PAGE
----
However, for as much as I love the new turn Deafheaven has taken here, there’s still a few wrinkles to be ironed out if they’re to continue down this road. George’s vocals are great for what they are, but he still has a little bit of a way to go towards making sure his vocal lines are distinct from track to track and grab the ear. There’s a few stand out moments on these songs that hint at his ability to pull this off in the future, and I’ve found several of the hooks here stuck in my head for days. But his vocals can also start to turn into a bit of a blur towards the end of the album, making it difficult to latch onto specific lyrics and hooks since he essentially has one gear and one gear only. Sometimes this works in the album’s favor, and I do love the hazy hypnotism of those staccato, soft vocals, but other times it wears thin and ironically, could still use a bit more variety in tone and dynamics. The music itself suffers from a similar problem, as well. These songs are engineered to sound thick, lush, and foggy, creating dense layers of sound that are so easy to get lost in. But like George’s vocals, towards the end of the album the trick starts to wear out its welcome, sacrificing atmosphere for memorable guitar parts or tantalizing lead work. I’m hard pressed to pick out any guitar parts here that really wow me, and sometimes that’s a sign that a band knows when to focus on the songwriting instead of showing off their chops, but I can’t help but wish that the guitar work had more meat on its bones than shoegaze-y textures and simple chord progressions.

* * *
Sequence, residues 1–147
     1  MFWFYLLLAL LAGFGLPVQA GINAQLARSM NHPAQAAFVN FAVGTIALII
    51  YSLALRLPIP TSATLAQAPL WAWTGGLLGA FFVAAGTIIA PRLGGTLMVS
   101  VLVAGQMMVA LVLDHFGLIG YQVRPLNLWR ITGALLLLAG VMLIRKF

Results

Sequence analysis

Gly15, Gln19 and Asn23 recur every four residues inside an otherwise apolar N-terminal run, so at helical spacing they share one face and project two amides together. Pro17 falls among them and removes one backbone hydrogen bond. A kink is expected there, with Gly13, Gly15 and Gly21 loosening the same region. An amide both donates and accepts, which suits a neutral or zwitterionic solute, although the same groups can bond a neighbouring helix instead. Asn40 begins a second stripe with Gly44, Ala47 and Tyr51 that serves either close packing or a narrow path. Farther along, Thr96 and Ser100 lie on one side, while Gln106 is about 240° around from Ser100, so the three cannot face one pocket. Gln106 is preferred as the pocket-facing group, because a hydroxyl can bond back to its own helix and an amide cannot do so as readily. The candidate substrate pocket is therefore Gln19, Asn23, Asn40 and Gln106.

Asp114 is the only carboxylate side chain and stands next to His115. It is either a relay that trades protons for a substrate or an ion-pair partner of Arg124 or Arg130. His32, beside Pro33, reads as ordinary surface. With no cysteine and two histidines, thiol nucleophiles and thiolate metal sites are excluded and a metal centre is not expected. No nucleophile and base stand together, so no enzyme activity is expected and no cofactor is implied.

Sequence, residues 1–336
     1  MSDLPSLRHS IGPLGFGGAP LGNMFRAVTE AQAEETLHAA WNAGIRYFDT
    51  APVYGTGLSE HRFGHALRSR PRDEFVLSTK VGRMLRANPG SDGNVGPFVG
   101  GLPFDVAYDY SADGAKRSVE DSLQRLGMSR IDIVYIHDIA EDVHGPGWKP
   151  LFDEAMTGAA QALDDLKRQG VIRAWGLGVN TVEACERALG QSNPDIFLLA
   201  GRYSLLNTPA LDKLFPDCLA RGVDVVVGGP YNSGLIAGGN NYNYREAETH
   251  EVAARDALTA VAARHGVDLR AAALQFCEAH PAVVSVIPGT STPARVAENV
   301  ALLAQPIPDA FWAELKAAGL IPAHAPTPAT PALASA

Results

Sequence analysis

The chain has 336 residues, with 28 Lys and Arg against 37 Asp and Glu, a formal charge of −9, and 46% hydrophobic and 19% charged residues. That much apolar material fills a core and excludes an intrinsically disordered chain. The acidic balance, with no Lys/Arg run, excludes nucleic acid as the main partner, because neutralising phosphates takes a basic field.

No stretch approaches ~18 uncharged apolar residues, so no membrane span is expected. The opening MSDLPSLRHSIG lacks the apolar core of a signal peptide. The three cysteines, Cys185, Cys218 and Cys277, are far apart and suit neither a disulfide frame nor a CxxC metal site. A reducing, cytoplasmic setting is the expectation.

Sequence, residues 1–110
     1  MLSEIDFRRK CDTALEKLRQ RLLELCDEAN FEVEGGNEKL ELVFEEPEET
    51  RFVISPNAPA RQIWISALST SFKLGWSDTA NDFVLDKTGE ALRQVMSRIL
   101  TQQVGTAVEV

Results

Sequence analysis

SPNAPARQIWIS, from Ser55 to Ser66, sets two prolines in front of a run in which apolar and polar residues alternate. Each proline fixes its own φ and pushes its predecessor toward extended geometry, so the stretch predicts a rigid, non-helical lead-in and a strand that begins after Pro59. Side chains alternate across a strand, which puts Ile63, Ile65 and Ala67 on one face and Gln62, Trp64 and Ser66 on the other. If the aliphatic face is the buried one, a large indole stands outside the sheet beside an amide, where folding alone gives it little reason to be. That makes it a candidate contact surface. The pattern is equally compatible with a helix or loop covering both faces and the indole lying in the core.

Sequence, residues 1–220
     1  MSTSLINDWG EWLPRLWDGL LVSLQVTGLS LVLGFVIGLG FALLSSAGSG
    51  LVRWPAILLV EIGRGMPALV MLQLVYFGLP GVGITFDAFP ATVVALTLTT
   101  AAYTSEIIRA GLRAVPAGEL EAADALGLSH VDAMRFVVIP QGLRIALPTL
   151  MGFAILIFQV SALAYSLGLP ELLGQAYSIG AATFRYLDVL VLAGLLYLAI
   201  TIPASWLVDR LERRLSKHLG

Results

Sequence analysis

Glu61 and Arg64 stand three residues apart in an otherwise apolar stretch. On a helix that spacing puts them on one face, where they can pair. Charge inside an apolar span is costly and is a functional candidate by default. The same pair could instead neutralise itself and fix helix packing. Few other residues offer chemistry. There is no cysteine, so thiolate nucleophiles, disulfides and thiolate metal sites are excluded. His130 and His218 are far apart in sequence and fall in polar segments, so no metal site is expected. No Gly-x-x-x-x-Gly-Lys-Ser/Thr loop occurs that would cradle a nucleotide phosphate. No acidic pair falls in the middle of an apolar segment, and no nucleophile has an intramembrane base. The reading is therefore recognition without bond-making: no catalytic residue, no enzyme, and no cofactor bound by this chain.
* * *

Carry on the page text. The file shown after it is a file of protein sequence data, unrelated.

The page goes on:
Despite all that, overall I’m intrigued and in love with Deafheaven’s new sound. They’ve taken a bold risk by jettisoning most of their trademark sound and vocal style, and it seems like Infinite Granite is a record they’ve wanted to make since Sunbather. There’s a lot of promise in how the band utilizes sound and texture to emphasize atmospheres, emotion, and George’s clean vocals, and many parts of this album truly feel like a triumph. But at the same time, there are moments where the band has simply ventured too far into that middle ground that they have avoided for so long. Infinite Granite occasionally yearns for some higher highs, more rise-and-fall dynamics, or even just the odd stand out guitar part to liven up some of what can become one-note and monotonous towards the end of its runtime. But because so much of this record is simply so good at what it is going for right off the bat, this all feels more like transitory growing pains than failure to rise to the occasion. Either way, Deafheaven have opened up a world of doors for themselves with this album, and if it was already hard to guess what direction they would go next, with Infinite Granite they’ve made the possibilities limitless.

Am I spot on? Or just plain stupid? Tell me!